300: Rise of an Empire
In comparison with "300", this insane film is more engaging by dint of being absolutely impossible to take even a little bit seriously.
Definition of a good family movie: One that appeals to all members of the family. "Curious George" is not a family movie. It is a children's movie. There is nothing wrong with that, and a great deal that is admirable. For once the younger children can watch a movie where they have a good chance of understanding everything that happens and everything that's said. The new generation of mainstream animation has so many in-jokes that even the editors of People mag miss some of them. How many of the pre-schoolers watching "Shark Tale" realized that Sykes was named after a Charles Dickens character and looked like Martin Scorsese?
On the "Ebert & Roeper" TV show, Richard Roeper and I technically disagreed about "Curious George," even though our opinions of the movie were approximately the same. He voted thumbs down because it was aimed at children. I voted thumbs up because it was aimed at children. We both agreed it was not going to be an ecstatic viewing experience for parents.
In theory, I should have voted against it. The critic must recommend what he or she enjoys, not what some hypothetical audience will enjoy. Critics who say, "This is sure to be enjoyed by teenagers" if they are not teenagers are dummies, and the audience is the ventriloquist. Some of my colleagues say their editors require them to recommend movies on the basis of the tastes of the readers. An editor who does that is instructing the critic in falsehood and incompetence.
Having said that, and since I am not a child, how can I ethically recommend "Curious George" as a movie for children? I will quote Walt Whitman: Do I contradict myself? Very well, then I contradict myself. I am large, I contain multitudes. I have no idea what teenagers think, but I know what 4-year-olds think, because I was one, an expert one, and I believe that up to a certain age all children enjoy more or less the same things: Bright colors, vivid drawings, encouraging music, a plot that is exciting but not too scary, and a character they can identify with. This character should have an older friend who guides him through neat adventures and keeps things from getting too scary. If that doesn't describe what you liked when you were 3 or 4, then I blame your parents, Mr. and Mrs. Chainsaw.
George the monkey is easy for any kid to identify with. They have so much in common. George cannot make himself understood, he is driven here and there in mechanical vehicles without his consent, adults talk about things he does not understand, and sometimes it's just not fair how he's treated. Then he meets the Man in the Yellow Hat (the movie reveals that the Man's name is Ted). Ted (voice by Will Ferrell) makes friends with him, and because he is alone in the world George stows away on Ted's ship and ends up in New York, where Ted is trying to save a museum. This undertaking requires Ted and George to fly above the city while holding onto a big bunch of balloons. Meanwhile, Ted has a girlfriend named Maggie (Drew Barrymore), but that's fine with George, because it means he gets another friend.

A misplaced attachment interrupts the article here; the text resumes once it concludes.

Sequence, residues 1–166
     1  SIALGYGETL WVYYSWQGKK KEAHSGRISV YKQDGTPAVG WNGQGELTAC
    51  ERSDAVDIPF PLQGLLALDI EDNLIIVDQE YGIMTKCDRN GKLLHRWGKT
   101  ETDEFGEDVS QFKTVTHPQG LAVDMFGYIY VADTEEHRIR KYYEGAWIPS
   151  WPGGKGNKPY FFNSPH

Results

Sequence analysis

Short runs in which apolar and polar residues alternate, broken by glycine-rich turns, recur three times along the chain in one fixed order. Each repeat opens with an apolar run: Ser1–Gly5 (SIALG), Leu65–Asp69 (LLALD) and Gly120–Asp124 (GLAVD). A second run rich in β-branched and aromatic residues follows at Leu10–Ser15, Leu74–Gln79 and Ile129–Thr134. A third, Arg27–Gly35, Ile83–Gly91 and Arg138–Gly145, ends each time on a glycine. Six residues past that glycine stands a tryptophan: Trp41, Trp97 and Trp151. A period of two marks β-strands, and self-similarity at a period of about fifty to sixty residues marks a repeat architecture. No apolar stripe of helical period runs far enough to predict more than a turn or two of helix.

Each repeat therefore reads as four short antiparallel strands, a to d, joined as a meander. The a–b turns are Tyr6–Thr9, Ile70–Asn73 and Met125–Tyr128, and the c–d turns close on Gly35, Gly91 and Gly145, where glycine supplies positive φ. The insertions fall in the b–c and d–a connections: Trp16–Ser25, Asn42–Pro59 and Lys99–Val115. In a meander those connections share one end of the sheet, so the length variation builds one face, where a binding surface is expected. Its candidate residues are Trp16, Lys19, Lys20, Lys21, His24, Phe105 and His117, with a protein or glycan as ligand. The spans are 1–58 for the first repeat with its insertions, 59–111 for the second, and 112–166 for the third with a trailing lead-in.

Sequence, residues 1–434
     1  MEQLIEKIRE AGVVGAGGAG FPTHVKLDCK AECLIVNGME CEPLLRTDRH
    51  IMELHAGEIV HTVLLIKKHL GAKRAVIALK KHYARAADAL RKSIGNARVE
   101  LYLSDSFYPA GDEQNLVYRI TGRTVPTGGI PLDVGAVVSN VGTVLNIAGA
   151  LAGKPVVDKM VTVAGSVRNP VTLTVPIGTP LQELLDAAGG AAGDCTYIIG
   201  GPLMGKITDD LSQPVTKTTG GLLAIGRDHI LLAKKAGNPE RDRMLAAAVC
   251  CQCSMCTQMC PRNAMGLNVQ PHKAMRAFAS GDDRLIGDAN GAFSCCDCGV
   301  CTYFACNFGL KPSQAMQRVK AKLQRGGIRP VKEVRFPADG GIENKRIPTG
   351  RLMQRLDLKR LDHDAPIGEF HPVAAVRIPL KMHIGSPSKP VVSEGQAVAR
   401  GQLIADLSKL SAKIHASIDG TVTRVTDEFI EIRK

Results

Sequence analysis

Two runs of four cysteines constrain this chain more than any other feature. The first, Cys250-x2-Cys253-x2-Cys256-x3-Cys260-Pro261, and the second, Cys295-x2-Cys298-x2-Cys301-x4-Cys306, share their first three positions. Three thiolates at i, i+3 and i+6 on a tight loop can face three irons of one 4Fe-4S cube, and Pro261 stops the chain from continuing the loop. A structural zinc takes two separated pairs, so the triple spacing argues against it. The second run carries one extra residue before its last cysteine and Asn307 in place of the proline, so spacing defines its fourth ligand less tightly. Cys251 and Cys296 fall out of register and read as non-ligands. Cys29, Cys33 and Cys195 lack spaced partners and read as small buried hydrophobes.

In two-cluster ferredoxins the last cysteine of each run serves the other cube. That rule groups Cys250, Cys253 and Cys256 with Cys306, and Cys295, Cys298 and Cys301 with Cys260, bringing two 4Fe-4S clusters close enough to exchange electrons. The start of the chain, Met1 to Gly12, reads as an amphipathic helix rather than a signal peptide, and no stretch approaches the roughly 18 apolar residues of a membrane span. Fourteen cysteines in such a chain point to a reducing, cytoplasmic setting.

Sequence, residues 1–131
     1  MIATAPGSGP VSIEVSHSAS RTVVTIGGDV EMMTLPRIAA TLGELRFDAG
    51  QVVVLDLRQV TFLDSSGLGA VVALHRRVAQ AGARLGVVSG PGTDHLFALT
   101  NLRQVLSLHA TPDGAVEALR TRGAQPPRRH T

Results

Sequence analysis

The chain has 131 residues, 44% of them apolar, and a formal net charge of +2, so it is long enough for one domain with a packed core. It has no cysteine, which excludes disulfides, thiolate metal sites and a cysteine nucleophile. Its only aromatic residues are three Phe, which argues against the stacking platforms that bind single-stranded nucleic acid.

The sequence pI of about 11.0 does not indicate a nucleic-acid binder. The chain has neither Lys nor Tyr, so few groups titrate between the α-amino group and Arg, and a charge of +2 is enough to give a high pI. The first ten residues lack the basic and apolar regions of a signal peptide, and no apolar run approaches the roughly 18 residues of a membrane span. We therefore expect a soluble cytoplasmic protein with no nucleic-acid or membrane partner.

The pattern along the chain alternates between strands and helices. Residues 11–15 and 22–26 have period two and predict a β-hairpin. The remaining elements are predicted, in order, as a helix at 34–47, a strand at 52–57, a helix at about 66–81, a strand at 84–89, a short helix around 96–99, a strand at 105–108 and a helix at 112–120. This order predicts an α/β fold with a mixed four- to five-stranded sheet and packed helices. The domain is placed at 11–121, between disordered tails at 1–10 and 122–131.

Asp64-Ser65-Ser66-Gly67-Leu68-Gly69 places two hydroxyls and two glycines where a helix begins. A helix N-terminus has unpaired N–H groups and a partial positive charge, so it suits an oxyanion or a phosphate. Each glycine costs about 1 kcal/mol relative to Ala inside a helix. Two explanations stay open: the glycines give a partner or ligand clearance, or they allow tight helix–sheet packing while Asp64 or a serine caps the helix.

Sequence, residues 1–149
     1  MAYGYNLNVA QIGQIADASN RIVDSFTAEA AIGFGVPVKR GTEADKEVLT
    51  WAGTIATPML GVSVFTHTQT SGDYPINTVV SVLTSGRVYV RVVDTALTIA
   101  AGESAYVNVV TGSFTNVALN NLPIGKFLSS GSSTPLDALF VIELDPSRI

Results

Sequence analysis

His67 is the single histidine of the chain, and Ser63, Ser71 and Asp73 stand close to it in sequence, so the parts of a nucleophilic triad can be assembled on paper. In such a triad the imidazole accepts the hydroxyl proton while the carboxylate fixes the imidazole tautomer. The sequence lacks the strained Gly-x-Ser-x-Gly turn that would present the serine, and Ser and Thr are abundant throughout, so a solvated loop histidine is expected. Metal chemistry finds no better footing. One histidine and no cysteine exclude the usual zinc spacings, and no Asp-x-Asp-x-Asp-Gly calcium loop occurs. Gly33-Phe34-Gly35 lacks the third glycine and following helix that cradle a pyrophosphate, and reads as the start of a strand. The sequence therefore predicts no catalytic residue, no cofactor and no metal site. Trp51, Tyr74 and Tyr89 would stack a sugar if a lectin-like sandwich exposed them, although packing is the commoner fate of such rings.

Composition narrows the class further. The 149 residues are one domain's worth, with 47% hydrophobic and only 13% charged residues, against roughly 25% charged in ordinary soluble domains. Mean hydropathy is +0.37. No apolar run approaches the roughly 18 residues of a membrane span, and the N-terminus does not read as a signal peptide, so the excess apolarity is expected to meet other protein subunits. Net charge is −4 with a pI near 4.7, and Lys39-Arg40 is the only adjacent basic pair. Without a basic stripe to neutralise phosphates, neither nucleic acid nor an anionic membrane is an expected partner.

I am not sure Ted saves the museum in any meaningful way (it becomes a gallery of Virtual Reality experiences), but George has a lot of fun and gets to paint lots of surfaces with bright primary colors, which passes the time pleasantly. There are songs sung by Jack Johnson, which are pleasant if kind of innocuous. The movie is faithful to the spirit and innocence of the books, and director Matthew O'Callaghan and his team create a visual look that is uncluttered, charming, and not so realistic that it undermines the fantasies on the screen.
Is this movie for the whole family to attend? No, it is a movie for small children and their parents or adult guardians, who will take them because they love them very much. Even if they love them very much, they will have to be very, very patient, so maybe waiting for the DVD is a good idea, except then, of course, you will have to experience it over and over and over and over and over again.
Scott Jordan Harris argues that disabled characters should not be played by able-bodied actors.
Chaz writes to Roger about attending the Oscars without him.
Chaz recalls how much Roger loved the Oscars.
Scout Tafoya's video essay series "The Unloved" reconsiders "Tron: Legacy."